For the past decade, the dominant transformational theory of syntax has produced the most interesting insights into syntactic properties. Over the same period another theory, systemic grammar, has been developed very quietly as an alternative to the transformational model. In this work Richard A. Hudson outlines "daughter-dependency theory," which is derived from systemic grammar, and offers empirical reasons for preferring it to any version of transformational grammar. The goal of daughter-dependency theory is the same as that of Chomskyan transformational grammar--to generate syntactic structures for all (and only) syntactically well-formed sentences that would relate to both the phonological and the semantic structures of the sentences. However, unlike transformational grammars, those based on daughter-dependency theory generate a single syntactic structure for each sentence. This structure incorporates all the kinds of information that are spread, in a transformational grammar, over to a series of structures (deep, surface, and intermediate). Instead of the combination of phrase-structure rules and transformations found in transformational grammars, daughter-dependency grammars contain rules with the following functions: classification, dependency-marking, or ordering.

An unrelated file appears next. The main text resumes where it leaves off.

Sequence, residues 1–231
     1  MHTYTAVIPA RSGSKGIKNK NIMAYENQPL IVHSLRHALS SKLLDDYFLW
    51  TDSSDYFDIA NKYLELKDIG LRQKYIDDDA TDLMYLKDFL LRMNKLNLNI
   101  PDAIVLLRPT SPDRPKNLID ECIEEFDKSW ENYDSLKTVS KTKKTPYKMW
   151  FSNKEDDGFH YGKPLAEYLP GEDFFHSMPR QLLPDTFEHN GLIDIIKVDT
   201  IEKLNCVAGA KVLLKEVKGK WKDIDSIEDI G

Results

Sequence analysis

Hudson's strong arguments for a non-transformational grammar stress the capacity of daughter-dependency theory to reflect the facts of language structure and to capture generalizations that transformational models miss. An important attraction of Hudson's theory is that the syntax is more concrete, with no abstract underlying elements.
In the appendixes, the author outlines a partial grammar for English and a small lexicon and distinguishes his theory from standard dependency theory. Hudson's provocative thesis is supported by his thorough knowledge of transformational grammar. 33figs.